graph theory - Is there a purely set-theoretic expression of the Euler characteristic?

noncommutative algebra – What is the rife standing of the Kaplansky zero-divisor surmise for group rings? retort

Hello pricey customer to our community We will proffer you an answer to this query noncommutative algebra – What is the rife standing of the Kaplansky zero-divisor surmise for group rings? ,and the retort will breathe typical by way of documented data sources, We welcome you and proffer you recent questions and solutions, Many customer are questioning in regards to the retort to this query.

noncommutative algebra – What is the rife standing of the Kaplansky zero-divisor surmise for group rings?

Let $Okay$ breathe a bailiwick and $G$ a bunch. The so known as zero-divisor surmise for group rings asserts that the group ring $Okay[G]$ is a province if and provided that $G$ is a torsion-free group.

A pair of wonderful sources for this drawback that offers some historic overview are:

  • Passman, Donald S. The algebraic construction of group rings. absolute and Applied Mathematics. Wiley-Interscience [John Wiley & Sons], recent York-London-Sydney, 1977.

  • Passman, Donald S. Group rings, crossed merchandise and Galois idea. CBMS Regional Conference succession in Mathematics, 64. Published for the Conference Board of the Mathematical Sciences, Washington, DC; by the American Mathematical Society, Providence, RI, 1986.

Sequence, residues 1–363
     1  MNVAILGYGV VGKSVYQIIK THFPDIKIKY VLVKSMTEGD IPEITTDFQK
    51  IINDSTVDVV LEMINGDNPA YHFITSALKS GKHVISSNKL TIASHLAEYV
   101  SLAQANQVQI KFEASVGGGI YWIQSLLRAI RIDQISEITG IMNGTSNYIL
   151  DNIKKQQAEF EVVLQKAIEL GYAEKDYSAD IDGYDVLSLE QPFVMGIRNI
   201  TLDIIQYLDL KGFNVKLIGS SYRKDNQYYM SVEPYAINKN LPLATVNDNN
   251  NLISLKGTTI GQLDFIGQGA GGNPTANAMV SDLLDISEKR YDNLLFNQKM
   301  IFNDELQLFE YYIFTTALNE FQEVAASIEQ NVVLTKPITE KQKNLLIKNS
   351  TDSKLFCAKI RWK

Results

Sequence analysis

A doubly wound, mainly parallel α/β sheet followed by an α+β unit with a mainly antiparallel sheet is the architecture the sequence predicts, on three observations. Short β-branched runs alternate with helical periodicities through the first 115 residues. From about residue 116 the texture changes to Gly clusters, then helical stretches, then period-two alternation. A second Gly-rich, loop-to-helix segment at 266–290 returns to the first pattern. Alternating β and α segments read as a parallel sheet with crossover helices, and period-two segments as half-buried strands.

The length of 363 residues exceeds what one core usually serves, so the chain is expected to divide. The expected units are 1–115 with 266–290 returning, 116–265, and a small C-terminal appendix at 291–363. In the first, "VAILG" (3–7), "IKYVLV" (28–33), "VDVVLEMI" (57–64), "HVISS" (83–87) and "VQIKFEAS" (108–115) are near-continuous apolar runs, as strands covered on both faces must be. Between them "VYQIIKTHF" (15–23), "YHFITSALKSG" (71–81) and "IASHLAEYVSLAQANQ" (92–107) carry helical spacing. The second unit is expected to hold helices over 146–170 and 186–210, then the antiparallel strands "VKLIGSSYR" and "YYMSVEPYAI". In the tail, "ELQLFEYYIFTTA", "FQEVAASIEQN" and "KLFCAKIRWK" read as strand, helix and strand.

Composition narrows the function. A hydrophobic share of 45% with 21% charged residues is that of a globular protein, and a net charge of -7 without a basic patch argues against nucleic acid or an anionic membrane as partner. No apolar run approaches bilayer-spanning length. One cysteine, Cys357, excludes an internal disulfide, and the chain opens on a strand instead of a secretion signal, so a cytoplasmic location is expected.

The surmise has been confirmed affirmative, when $G$ belongs to particular courses of teams. I attempted to write down down a number of the historical past:

  • Ordered teams (A.I. Malcev 1948 and B.H. Neumann 1949)
  • Supersolvable teams (E. Formanek 1973)
  • Polycyclic-by-finite teams (Okay.A. Brown 1976, D.R. Farkas & R.L. Snider 1976)
  • unique product teams (J.M. Cohen, 1974)

Here are my questions:

  1. Was Irving Kaplansky the primary one to situation this surmise? Can somebody present me with a reference to a paper or bespeak that claims this?
  2. Since the publications of Passman’s expository level to (above) in 1986, has there been any main developments on the issue? Are there any recent courses of teams that may relent a constructive retort to the surmise? Can somebody help me to increase my record above?

The zero-divisor surmise (let’s denote it by “(Z)”) is said to the next two conjectures:

(I): If $G$ is torsion-free, then $Okay[G]$ has no non-trifling idempotents.

(U): If $G$ is torsion-free, then $Okay[G]$ has no non-trifling models.

Now, if $G$ is torsion-free, then one can array that:

(U) $Rightarrow$ (Z) $Rightarrow$ (I).

Has there been any developments, since 1986, to any partial solutions on surmise (U)? Passman claims that “this is not plane known for supersolvable groups”. Is this quiet the illustration?

I need to level out that this publish is said to a different historic MO-post.

we are going to proffer you the answer to noncommutative algebra – What is the rife standing of the Kaplansky zero-divisor surmise for group rings? query through our community which brings all of the solutions from a number of reliable sources.

Add comment